What is wrongful death?
The loss of a loved one is one of the most difficult and emotional events on the spectrum of human experience. This event is made even more traumatic when it is caused by the malicious intent, negligence, recklessness or carelessness of another person. If you have experienced the loss of a loved one, it is important to understand your legal rights so that you can take appropriate next steps and be sure that justice is served.
Quite simply, wrongful death exists when someone is shown to be legally culpable for the death of another person. Legal culpability is determined when it can be proven that the person or persons at fault failed to act in a reasonable manner, thus causing the death at hand.
Wrongful death lawsuit components
First, duty of care must be established. In other words, you must be able to prove that the defendant owed some reasonable level of action to the deceased. Duty of care applies differently depending on different situations and circumstances. For example, all drivers share the duty of care to follow traffic laws & drive in a safe manner. If a driver runs a red light, thus causing an accident which leads to a death, that may be a wrongful death claim. Or, you can say that a nanny or babysitter in your employ has the duty of care to diligently and safely watch your children. If he/she leaves your children alone, which leads to an accident resulting in death, that might be a wrongful death claim.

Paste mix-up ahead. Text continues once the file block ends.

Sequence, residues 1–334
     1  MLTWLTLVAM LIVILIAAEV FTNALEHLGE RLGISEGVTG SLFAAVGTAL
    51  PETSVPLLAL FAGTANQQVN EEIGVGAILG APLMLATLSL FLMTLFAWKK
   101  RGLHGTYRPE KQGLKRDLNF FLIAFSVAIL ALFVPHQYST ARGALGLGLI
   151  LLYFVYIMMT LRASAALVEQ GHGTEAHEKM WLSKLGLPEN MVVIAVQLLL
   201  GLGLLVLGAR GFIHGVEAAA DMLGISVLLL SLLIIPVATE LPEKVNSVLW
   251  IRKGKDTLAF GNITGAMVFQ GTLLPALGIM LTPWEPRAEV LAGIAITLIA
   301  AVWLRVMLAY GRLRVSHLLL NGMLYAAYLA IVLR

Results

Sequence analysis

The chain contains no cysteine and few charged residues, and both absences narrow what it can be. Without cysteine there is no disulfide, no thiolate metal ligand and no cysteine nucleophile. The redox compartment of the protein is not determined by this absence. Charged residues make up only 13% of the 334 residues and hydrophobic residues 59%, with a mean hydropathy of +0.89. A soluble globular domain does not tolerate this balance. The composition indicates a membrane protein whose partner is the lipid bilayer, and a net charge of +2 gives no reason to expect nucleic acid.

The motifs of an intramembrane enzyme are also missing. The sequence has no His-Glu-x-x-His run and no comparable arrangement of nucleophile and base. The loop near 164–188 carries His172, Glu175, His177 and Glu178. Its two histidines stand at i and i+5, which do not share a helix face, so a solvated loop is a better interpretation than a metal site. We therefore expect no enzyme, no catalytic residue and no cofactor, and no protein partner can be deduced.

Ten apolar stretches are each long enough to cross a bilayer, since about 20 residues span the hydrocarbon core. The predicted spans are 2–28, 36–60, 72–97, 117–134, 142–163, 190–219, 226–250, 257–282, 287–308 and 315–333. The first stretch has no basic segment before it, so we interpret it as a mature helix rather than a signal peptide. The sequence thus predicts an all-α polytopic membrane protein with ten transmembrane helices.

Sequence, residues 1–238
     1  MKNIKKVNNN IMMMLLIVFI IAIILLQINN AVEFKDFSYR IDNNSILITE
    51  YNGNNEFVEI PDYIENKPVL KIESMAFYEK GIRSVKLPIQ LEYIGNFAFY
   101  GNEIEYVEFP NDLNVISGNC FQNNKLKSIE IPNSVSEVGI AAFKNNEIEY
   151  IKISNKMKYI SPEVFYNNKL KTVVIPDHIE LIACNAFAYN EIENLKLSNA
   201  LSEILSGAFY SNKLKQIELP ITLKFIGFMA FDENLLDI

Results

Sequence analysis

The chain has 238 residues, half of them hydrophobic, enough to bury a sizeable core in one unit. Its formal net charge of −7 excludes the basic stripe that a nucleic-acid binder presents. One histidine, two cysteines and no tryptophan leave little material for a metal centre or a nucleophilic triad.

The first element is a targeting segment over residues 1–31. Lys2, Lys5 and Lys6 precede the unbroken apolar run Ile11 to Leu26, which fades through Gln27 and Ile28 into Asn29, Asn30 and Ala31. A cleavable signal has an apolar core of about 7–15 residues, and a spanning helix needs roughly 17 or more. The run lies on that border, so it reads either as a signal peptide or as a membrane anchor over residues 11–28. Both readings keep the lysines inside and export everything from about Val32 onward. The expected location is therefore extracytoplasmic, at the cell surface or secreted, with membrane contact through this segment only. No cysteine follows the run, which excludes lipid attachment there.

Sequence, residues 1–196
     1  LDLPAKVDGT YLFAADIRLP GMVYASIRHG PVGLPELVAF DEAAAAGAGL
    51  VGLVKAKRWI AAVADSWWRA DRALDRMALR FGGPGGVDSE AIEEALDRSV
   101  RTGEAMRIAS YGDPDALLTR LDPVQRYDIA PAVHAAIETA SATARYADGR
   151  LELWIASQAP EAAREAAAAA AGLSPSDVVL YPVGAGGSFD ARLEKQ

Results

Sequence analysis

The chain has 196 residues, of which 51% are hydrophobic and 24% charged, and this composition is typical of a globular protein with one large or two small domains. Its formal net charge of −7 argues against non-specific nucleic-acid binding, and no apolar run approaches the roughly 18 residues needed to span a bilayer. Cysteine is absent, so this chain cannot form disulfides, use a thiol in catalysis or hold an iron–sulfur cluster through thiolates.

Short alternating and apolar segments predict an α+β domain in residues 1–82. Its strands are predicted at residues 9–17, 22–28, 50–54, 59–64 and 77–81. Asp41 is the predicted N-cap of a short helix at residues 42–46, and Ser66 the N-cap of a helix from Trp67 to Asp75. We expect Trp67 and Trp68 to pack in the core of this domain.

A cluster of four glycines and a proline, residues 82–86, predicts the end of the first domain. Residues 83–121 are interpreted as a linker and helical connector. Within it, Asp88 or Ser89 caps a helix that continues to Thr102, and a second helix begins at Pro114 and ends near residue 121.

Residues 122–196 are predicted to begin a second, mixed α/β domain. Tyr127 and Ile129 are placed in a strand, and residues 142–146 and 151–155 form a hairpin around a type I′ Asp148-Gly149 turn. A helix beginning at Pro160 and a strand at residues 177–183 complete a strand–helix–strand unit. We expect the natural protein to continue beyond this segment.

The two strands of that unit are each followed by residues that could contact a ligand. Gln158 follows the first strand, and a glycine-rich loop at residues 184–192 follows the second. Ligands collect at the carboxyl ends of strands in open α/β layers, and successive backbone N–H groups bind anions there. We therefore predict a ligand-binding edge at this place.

Breach of duty logically follows once duty of care has been established. It must be proven that the defendant breached whatever duty he/she owed to the deceased. This means that the defendant acted inconsistently with the way any reasonable person would have acted in the situation.
The third element in a wrongful death claim is causation. You must be able to show that the defendant’s actions or inaction caused or contributed to the death in question. A direct link between the defendant’s choices & actions and the death must be established. Could the accident have been prevented if the driver had not been drunk? That is causation. Would the child not have wandered into the pool had the babysitter been present to watch him/her? That is causation.
Finally, damages must be proven. Of course, one obvious damage in any wrongful death suit is the unnecessary & unjust loss of life. Damages can also extend to emotional & monetary suffering experienced by the loved ones of the deceased.